Lao Power Company Deep in Debt, But Managers Live Well

A lack of transparency in EDL’s bidding process has led to high project costs and unmanageable levels of interest and debt, sources say.
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Lao Power Company Deep in Debt, But Managers Live Well The Phouthtera Culture Garden and Resorts, located 20 kilometers from the center of the capital of Laos, Vientiane, is shown in an undated photo.
Photo sent by citizen journalist

Lao electric power provider Electricite du Laos is deep in debt, owing at least $2 billion to foreign creditors, mainly Chinese and Thai. Meanwhile, EDL managers still live well, in some cases amassing large personal fortunes, sources say.

“Electricite du Laos owes foreigners around $2 billion, not including payments on interest,” an official of the Lao government’s Ministry of Energy and Mines told RFA’s Lao Service, speaking on condition of anonymity.

Another source close to a high-ranking official at EDL said however that the power company’s debt “is much more than $2 billion now.”

According to sources familiar with the problem, no transparency or checks or balances exist in EDL’s bidding process, resulting in higher-than-usual project costs and unmanageable levels of interest and debt.

“EDL now has a financial crisis because it borrows money to build dams and networks of power grids,”one EDL official said, also speaking on condition of anonymity. “Each project costs at least $400 million to $500 million, with interest rates later added on.”

EDL now plans to save costs by reducing its numbers of staff, also forcing early retirement at age 60, the official said.

“The number of staff is slowly being reduced from 6,000 to 4,000, leaving us with two-thirds of what we have now,” he said. “No one wants to leave, but they will have to leave their jobs when they turn 60, and in many cases EDL will not recruit to replace them.”

A source close to a high-ranking EDL official told RFA that before a Chinese company, China Southern Power Grid Co., took over the management of EDL power grids in late 2020, some EDL executives won bids for power-grid projects by having their companies make submissions under other names.

“This lack of transparency has caused the outlay for projects to skyrocket—sometimes doubling or tripling in cost,” he said.

EDL staff ranked as heads-of-section meanwhile do well financially “because they have income from other sources in addition to their basic salaries,” RFA’s source said, adding that EDL managers have levels of personal wealth comparable to those of Lao customs officers working at international checkpoints.

The Ministry of Energy and Mines has now assigned auditors to examine EDL’s payments and income, a Ministry official told RFA. “In addition, some officials from the Ministry are working closely with EDL to make sure their purchasing orders and bid packages accord with the rule of law,” he said.

EDL’s current director did not respond to RFA requests for a statement.

Chansaveng Boungnong—director general of the policy and energy plans department of the Ministry of Energy and Mines—also declined to comment, saying he was “in no position to answer” a reporter’s questions.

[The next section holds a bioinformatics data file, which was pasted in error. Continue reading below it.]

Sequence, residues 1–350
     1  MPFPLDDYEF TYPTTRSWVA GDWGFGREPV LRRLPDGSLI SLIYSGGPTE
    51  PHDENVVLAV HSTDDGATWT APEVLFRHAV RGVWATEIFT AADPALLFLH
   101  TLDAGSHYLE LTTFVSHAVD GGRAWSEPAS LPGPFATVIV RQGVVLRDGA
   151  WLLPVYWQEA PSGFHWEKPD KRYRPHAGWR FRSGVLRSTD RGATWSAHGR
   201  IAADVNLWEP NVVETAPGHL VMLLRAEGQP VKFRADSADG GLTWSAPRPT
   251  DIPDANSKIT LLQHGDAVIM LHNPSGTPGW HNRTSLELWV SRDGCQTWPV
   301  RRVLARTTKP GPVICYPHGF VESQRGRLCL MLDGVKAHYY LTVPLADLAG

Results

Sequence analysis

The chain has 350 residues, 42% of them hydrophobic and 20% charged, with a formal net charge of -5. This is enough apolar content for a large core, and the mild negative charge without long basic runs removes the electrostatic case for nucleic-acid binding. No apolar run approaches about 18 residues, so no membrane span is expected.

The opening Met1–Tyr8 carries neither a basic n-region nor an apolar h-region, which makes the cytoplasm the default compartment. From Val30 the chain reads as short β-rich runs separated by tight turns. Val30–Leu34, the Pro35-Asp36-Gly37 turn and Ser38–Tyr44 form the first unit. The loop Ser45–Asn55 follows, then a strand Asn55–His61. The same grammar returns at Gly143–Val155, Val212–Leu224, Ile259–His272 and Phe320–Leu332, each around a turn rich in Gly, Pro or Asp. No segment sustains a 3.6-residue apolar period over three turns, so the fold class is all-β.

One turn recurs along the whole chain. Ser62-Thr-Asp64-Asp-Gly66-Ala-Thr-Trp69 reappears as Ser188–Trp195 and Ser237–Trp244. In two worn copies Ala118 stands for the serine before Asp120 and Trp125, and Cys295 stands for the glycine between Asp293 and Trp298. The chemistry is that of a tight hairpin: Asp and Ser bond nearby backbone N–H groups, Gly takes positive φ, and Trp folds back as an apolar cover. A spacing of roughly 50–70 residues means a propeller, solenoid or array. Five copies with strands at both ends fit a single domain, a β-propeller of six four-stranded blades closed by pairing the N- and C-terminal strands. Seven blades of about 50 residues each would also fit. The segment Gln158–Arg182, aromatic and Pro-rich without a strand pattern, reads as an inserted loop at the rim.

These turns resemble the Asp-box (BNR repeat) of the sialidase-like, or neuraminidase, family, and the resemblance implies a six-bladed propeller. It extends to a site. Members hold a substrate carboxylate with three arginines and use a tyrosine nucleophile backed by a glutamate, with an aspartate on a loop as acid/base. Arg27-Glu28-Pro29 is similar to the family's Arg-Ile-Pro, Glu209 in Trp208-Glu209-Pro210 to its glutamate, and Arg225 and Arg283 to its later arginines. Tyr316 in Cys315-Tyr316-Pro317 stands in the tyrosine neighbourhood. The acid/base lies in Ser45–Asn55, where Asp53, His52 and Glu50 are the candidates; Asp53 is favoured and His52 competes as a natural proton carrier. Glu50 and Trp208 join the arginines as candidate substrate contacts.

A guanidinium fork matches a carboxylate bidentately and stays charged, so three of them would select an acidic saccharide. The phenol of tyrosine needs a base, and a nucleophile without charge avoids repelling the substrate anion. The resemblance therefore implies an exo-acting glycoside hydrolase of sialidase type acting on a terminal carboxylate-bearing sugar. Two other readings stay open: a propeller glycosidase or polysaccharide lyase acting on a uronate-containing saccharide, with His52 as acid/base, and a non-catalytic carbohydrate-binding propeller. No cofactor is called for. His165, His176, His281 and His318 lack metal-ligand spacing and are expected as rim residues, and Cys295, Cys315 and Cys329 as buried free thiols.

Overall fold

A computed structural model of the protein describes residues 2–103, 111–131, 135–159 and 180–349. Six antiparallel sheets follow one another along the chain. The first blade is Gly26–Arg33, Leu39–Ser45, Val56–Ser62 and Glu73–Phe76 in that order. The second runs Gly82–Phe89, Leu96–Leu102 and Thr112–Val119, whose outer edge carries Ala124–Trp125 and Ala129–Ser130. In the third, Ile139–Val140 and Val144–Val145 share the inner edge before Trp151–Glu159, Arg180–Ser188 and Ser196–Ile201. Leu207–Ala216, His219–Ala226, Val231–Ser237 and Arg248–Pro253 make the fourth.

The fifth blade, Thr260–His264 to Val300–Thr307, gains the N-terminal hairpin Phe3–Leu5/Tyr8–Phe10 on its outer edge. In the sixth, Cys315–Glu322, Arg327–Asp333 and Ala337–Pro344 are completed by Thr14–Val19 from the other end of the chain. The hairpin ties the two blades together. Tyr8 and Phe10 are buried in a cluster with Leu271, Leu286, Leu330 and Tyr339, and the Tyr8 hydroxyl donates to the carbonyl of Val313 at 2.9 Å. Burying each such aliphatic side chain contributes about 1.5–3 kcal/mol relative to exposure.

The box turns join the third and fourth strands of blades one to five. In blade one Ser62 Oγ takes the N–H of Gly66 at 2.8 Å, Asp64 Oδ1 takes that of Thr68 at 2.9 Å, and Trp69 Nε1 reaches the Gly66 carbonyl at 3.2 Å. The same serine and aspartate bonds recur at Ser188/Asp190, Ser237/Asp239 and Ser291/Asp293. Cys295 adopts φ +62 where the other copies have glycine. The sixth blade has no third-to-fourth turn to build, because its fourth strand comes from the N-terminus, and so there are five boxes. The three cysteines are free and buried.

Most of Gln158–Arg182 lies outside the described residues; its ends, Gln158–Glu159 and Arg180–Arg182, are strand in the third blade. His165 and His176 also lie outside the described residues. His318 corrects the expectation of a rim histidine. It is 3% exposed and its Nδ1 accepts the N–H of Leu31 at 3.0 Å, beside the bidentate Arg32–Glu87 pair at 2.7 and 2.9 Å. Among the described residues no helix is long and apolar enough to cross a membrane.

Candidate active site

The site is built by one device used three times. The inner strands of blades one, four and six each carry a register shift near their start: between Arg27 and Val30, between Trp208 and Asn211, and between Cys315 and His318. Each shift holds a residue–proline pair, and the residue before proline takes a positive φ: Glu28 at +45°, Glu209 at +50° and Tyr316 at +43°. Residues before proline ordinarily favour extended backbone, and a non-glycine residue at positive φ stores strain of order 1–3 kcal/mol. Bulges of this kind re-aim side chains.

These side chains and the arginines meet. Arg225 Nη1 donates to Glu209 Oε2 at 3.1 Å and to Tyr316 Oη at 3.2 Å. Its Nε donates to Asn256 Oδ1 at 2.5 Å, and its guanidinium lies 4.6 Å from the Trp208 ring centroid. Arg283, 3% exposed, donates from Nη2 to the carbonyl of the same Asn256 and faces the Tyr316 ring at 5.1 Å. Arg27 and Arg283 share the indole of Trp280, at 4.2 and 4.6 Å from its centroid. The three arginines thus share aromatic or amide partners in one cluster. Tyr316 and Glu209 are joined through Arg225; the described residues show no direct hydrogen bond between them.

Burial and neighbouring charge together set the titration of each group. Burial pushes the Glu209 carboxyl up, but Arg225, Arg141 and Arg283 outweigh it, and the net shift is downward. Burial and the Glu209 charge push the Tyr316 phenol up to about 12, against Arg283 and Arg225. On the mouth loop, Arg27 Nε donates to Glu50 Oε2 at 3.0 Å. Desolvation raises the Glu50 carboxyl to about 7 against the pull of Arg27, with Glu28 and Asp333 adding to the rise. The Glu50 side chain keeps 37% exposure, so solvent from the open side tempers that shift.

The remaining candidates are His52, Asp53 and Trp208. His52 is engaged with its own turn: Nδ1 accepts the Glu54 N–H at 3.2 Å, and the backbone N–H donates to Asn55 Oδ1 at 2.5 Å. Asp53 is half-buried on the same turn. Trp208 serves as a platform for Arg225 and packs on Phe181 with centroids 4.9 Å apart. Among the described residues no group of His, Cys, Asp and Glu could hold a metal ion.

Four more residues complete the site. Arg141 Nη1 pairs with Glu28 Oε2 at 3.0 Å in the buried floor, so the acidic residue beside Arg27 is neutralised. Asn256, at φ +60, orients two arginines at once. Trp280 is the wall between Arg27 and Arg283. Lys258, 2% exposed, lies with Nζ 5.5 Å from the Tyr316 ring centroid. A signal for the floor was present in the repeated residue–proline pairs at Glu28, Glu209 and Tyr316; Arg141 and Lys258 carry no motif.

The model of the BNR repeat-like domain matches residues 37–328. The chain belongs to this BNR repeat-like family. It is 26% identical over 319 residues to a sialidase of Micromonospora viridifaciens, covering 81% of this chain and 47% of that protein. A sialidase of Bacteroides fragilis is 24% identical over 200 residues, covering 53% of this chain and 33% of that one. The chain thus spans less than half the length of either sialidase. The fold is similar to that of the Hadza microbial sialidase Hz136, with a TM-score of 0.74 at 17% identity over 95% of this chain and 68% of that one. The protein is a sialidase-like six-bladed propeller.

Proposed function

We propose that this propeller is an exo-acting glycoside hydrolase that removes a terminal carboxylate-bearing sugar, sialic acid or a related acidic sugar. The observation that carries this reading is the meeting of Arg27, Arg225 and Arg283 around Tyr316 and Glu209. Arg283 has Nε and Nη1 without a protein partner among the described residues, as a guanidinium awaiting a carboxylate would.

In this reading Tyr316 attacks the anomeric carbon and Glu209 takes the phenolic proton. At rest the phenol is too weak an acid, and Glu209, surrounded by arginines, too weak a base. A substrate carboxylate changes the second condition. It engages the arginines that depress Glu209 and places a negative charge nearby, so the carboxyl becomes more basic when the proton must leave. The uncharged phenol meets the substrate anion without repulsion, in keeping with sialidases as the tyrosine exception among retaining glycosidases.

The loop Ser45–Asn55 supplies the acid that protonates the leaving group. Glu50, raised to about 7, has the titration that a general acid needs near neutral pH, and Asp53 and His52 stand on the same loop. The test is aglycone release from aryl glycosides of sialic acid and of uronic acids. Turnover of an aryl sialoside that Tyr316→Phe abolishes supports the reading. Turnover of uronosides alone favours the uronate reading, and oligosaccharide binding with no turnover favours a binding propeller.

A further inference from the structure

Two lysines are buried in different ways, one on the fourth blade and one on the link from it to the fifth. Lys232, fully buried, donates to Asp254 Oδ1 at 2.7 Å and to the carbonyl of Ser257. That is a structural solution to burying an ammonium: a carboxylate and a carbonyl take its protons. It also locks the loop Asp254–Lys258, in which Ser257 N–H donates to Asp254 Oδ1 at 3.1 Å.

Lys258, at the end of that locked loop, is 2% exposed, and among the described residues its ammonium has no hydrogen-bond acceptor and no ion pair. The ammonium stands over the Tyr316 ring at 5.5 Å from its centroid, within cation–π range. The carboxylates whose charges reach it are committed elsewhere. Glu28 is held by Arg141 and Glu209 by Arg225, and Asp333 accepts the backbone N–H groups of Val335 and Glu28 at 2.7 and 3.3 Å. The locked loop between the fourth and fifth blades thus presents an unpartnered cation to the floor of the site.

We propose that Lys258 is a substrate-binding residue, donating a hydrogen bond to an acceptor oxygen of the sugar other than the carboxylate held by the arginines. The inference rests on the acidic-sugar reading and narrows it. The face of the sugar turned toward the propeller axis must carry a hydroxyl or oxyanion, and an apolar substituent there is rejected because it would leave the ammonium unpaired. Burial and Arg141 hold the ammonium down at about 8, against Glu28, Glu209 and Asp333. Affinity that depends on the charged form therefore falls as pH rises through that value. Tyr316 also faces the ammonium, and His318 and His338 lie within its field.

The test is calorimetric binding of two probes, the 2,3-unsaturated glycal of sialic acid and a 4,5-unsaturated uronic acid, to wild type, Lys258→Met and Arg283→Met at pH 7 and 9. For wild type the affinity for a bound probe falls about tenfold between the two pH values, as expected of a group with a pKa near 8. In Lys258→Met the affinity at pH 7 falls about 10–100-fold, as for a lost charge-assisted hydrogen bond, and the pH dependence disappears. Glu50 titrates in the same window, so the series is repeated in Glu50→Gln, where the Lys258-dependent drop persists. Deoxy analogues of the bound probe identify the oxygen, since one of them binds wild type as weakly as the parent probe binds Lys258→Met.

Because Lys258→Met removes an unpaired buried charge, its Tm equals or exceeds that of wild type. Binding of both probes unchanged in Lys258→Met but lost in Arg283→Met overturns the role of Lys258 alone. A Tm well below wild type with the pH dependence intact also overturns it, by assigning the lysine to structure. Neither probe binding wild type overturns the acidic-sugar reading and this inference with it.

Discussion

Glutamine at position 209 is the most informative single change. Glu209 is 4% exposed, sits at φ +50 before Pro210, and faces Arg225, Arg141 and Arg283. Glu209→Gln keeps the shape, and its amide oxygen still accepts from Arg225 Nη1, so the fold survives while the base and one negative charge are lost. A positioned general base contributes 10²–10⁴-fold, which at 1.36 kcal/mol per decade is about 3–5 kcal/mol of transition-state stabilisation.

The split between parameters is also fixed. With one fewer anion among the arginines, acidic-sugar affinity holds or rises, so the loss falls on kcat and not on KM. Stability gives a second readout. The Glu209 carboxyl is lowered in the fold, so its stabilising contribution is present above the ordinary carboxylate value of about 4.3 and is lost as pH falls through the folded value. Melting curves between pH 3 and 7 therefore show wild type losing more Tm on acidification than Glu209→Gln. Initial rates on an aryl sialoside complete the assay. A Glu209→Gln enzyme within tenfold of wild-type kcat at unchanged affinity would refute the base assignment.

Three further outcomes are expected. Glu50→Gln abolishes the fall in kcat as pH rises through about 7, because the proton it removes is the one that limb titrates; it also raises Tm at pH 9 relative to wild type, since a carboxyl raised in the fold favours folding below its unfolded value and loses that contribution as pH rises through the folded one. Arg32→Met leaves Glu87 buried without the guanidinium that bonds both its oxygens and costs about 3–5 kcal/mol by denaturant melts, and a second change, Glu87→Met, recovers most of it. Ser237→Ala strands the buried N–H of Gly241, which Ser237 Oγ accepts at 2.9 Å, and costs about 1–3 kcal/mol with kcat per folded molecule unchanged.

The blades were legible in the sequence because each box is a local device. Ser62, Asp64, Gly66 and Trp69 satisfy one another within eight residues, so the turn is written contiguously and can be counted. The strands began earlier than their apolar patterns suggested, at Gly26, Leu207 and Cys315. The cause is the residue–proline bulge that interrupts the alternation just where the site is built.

A large personal fortune

Fired by former prime minister Thongloun Sisolith, now General Secretary of the ruling Lao People’s Revolutionary Party, former EDL director general Sisavat Thiravong has meanwhile amassed a large personal fortune in real estate in his retirement, Lao sources close to Sisavat’s family said.

His holdings include townhouses, a 50-room hotel and 28-room mansion, and the 30-hectare Phouthtera Culture Garden and Resorts, located in Nonpean village in the Hardsayfong district about 20 kilometers from the center of the capital Vientiane, RFA’s sources said.

Attempts to reach Sisavat on his Facebook page seeking comment on his real estate and business interests received no response.

Speaking to RFA, a Lao intellectual familiar with the issue said that some former EDL executives networking with politicians had sold electrical equipment in the names of their children, calling the sales “a clear case of corruption.”

Laos has a history of widespread government corruption. During the annual general meeting of the Finance ministry in November, Vice President Phankham Viphavanh said government officials had “directly asked for money from people, with some even threatening the use of force.”

On Jan. 29, Bounthong Chitmany, then head of the Party’s Central Inspection Committee, said during a committee meeting, “In the last five years from 2016 to 2020, we found 3,200 corrupt government workers. So far 93 of them have been charged with financial crimes and 64 of them have been found guilty.”

Transparency International reported in January 2021 that Laos’ corruption ranking had worsened, dropping from 130 in 2019 to 134 in 2020 out of 180 countries.

Reported and translated by Ounkeo Souksavanh for RFA’s Lao Service. Written in English by Richard Finney.


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